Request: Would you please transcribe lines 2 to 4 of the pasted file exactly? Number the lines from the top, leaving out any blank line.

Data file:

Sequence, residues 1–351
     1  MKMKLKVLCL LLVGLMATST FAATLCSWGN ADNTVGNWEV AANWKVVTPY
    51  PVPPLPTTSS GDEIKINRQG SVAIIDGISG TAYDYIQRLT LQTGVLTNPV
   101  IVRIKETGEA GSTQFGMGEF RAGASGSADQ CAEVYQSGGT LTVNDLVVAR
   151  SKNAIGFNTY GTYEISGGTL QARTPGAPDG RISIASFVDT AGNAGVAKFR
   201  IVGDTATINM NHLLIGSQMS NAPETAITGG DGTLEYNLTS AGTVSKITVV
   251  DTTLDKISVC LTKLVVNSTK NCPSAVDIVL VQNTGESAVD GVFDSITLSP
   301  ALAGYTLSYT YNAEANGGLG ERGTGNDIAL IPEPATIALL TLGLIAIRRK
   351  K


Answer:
     1  MKMKLKVLCL LLVGLMATST FAATLCSWGN ADNTVGNWEV AANWKVVTPY
    51  PVPPLPTTSS GDEIKINRQG SVAIIDGISG TAYDYIQRLT LQTGVLTNPV
   101  IVRIKETGEA GSTQFGMGEF RAGASGSADQ CAEVYQSGGT LTVNDLVVAR